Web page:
You know that tanty I had about talking to strangers at the Lone Star Steakhouse over the weekend?
Well DD was very amused when, not long after I declared the situation “pus” (he’s also very amused by my Newie vernacular, did you call crappy things “pus” when you were a teenager?) I disappeared into the ladies loo for 20 minutes.
While I was in the cubicle I overheard a woman getting wobbly about her husband of 34 years leaving her two months ago.
And my heart contracted: been there, survived that.
I stepped out of the cubicle to discover a tall, gorgeous brunette, who turned out to be 54 but looked 10 years younger. She was smart, funny and articulate … and confused and heartbroken over why her husband had left.
I couldn’t help myself – I had to give her a hug and a friendly ear.
“Sandy” assured me her husband wasn’t having an affair. She has no idea why he left, he refuses to talk to her about it. She also confessed he’d rarely had sex with her over the past 15 years.
Sandy’s situation is called a “sexless marriage” and according to the Australian Women’s Weekly “the consequences can be catastrophic. Mismatched libidos can drive a wedge between partners, affect moods, undermine trust, raise resentment, cause hurt, destroy emotional intimacy, annihilate self-esteem …”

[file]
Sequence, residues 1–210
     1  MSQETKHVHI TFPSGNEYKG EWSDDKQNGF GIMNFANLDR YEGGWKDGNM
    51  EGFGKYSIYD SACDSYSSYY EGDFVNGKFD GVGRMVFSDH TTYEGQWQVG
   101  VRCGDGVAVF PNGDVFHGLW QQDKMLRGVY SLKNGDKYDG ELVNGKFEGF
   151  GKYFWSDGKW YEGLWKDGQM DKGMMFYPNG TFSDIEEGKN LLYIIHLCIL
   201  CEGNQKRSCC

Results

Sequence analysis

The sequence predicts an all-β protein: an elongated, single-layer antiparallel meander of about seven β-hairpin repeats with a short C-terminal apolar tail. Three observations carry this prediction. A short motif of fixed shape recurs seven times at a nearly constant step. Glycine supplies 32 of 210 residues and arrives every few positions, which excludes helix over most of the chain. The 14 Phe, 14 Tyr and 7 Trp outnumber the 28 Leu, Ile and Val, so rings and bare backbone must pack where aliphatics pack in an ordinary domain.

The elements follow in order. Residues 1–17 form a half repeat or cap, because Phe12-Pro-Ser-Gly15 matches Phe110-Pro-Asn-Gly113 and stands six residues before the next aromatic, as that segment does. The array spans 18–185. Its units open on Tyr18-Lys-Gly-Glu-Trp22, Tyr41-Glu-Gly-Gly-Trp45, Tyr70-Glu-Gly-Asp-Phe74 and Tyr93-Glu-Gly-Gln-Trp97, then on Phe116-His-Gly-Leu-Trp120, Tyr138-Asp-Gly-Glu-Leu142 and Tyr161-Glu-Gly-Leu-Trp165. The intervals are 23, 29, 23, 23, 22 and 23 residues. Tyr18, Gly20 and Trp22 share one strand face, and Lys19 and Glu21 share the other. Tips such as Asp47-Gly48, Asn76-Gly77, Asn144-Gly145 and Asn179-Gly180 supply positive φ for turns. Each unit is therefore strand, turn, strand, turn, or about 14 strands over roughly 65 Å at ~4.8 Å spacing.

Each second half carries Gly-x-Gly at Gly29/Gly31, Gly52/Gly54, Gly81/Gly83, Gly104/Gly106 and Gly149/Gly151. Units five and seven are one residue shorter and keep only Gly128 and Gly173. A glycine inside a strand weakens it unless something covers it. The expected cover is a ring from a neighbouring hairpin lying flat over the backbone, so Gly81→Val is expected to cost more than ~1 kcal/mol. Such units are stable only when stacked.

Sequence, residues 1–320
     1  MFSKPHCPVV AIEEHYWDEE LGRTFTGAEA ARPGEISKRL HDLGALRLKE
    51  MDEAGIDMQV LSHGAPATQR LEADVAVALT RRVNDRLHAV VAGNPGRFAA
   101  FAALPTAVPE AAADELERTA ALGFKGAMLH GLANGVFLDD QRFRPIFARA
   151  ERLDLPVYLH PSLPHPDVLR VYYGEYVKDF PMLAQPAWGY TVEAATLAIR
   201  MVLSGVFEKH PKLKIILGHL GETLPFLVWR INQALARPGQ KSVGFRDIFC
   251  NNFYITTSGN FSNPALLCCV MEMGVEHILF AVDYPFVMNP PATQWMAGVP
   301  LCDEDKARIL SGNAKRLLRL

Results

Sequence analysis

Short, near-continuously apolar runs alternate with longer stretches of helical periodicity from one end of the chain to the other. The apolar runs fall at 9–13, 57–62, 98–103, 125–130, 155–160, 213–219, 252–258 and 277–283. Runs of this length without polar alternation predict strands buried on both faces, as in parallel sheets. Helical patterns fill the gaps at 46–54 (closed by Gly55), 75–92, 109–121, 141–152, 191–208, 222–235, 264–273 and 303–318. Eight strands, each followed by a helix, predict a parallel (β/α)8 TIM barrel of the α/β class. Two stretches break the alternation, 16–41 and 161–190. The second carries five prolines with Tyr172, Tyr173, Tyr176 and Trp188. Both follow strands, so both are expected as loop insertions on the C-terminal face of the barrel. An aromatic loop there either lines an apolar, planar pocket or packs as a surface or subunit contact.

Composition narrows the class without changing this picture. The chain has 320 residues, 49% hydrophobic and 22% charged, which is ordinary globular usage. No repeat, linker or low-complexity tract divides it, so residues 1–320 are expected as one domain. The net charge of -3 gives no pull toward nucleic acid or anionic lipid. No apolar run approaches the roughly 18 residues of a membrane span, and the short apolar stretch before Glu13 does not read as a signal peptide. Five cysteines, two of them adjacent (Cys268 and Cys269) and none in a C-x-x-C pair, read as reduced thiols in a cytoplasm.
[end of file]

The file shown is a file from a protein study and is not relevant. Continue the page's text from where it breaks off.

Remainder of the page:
Experts estimate that 15-20 per cent of couples have sex fewer than 10 times a year, which is how they define a sexless marriage.
AWW adds: “In last year’s groundbreaking study into Australian sexuality, 14.6 per cent of women in heterosexual relationships reported that they hadn’t had sex at all in the preceding four weeks and only 0.7 per cent of them were okay with this. The vast majority (68.3 per cent) said they wanted sex more often than they got it and 84 per cent said their ideal frequency would be two or more times a week, according to The Australian Study of Health and Relationships.
“Therapists say that a man’s sex drive can fluctuate for the same reasons a woman’s can: emotional disconnection, underlying resentment, unresolved relationship problems, stress, depression, sexual tedium, a heavy workload, exhaustion, or a sense that their partner is too critical of them. Tobacco and alcohol can wreak havoc on libidos, as can medication for depression (of particular concern when Australia is the second highest prescriber of anti-depressants among the 34 OECD nations – 8.9 per cent of us are on some form of daily anti-depressant).”
But back to “Sandy” … I related to her story pretty damn hard as we stood together at that bathroom sink, wondering if it was our endless moaning about work that drove our husbands away. We admitted to doing a lot of sobbing in the shower. I assured her that things would get better, the tears would become fewer and farther between. I told her about falling for the first man I met internet dating and how I was still happily with him – at the Lone Star Tavern – 18 months later …
Despite my insistence there was a brave new world waiting for her, she confessed she still loves her husband and desperately wants him back … then proceeded to get very, very drunk at a Badloves gig in Mermaid Waters.
Divorce sucks big time.
I hope “Sandy” finds the strength to move on and enjoy her chapter two. Life’s too short to be hung up on someone who doesn’t want you any more.
Song of the day: The Human League “Don’t you want me?”